The Great Innovation Deceleration
Our response to the COVID-19 pandemic could damage the world’s collective brain.
The rise of the West is often traced back to the Black Death of the mid-1300s, which killed over 40% of Europe’s population. For example, some historians think that the resulting labor scarcity increased the bargaining power of peasants in the West, which led to the end of serfdom and to higher standards of living but failed to bring about institutional change in the East.
Many parallels between COVID-19 and the Black Death have been drawn, but most of them are unhelpful. In a medieval economy, fewer people meant more land per person and a higher income for the average citizen. The opposite is true in today’s knowledge-based economy, since ideas are non-rivalrous and, unlike land, can be used by everyone simultaneously.
Email updates on the Future of Work
Monthly research-based updates on what the future of work means for your workplace, teams, and culture.
Please enter a valid email address
Thank you for signing up
In modern economies, the larger, more diverse, and interconnected a population is, the more ideas and wealth it is capable of generating. Large, interconnected societies allow more people to participate in innovation, which adds to collective knowledge and gives others in the society better tools and instruments to make further discoveries. In a world where wealth is derived from ideas rather than land and objects, our greatest resource is our social networks, which act as “collective brains.”
While COVID-19 has been much less deadly than the bubonic plague that hit medieval Europe, it will imperil the interconnectedness of populations and thus the critical knowledge flows that facilitate innovation both locally and globally. Indeed, the pandemic has already reduced knowledge transmission within our collective brains as governments have introduced restrictions on immigration, global value chains are being dismantled, travel has plummeted, and knowledge workers are isolated in home offices.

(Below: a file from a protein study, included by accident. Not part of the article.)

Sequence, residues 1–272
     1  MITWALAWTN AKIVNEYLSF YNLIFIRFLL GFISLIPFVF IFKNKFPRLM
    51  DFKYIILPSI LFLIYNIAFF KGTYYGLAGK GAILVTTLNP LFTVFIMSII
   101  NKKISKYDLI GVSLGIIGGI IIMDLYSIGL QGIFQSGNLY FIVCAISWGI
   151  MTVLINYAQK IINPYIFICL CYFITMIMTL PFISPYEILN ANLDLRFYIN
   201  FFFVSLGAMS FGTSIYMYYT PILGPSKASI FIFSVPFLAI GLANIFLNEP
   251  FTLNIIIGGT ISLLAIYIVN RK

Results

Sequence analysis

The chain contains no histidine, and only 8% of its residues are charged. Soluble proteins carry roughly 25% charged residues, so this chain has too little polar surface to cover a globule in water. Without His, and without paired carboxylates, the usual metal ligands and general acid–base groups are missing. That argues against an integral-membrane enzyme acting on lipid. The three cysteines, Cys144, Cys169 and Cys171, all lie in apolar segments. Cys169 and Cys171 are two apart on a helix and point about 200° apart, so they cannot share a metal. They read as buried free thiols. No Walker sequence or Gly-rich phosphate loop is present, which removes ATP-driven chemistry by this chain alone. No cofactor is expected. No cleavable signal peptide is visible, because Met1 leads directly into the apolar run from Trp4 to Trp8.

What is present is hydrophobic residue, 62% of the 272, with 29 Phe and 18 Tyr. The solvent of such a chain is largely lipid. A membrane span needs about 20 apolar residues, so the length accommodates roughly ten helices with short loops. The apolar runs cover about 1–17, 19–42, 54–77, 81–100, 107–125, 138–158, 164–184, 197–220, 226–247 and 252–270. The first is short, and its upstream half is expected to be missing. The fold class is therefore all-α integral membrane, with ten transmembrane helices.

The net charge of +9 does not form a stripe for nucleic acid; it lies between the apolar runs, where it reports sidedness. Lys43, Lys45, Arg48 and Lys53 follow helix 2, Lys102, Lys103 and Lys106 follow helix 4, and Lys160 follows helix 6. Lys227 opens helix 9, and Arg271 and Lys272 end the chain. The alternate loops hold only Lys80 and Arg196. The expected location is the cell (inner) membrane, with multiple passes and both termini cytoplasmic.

First, new ideas often emerge through sporadic meetings and interactions. That is why our knowledge industries are so highly clustered in places like New York, London, and Silicon Valley. From Renaissance Florence, to Victorian Birmingham, to early 20th-century Detroit, to contemporary Seattle, cities have been key facilitators of knowledge transmission and catalysts for innovation. However, the kinds of random interactions that foster innovation are less likely to happen at a time when social distancing has become the new normal. And while it is true that the web, together with technologies like Zoom and Slack, helps to explain the growing geographical distance between co-applicants on patents even before the pandemic, collaborators have to meet somewhere to build a relationship and generate an idea in the first place. Studies show that many new ideas and projects are launched by people meeting at conferences, and collaboration suffers when important conferences are canceled.
Despite the miracles of digital technology, nobody lives in cyberspace, and our virtual interactions mirror our networks in the physical world.
Second, immigration has been a prime driver of innovation and the spread of ideas throughout history. The United States benefited enormously from the influx of Jewish émigrés during World War II who boosted innovation wherever they settled. And they weren’t the exception but the norm. According to a recent study published by the National Bureau of Economic Research, immigration has been a key force behind American innovation for the past 130 years. While the loss of skilled people raises concerns over brain drain for the sending countries, emigrants often create badly needed connections to global sources of knowledge. What’s more, some return home with new knowledge and skills, further driving innovation. The Indian diaspora, for example, has been critical to the development of a thriving IT cluster in Bangalore. Immigration, it turns out, can be beneficial for the sending and receiving countries alike.
Yet if history offers any guidance, the fear of disease spreading is likely to lead to a lasting clampdown on immigration. In the 1880s, for instance, Chinese immigrants were accused of bringing smallpox and the plague to the U.S., paving the way for the 1882 Chinese Exclusion Act. This time around, President Donald Trump has issued a presidential proclamation aimed at restricting the entry of students and researchers from China, and has suspended H-1B visas, which is what Tesla CEO Elon Musk used to begin working in America. If such immigration restrictions continue and persist, the consequences for global innovation, knowledge diffusion, and skill development would be dismal.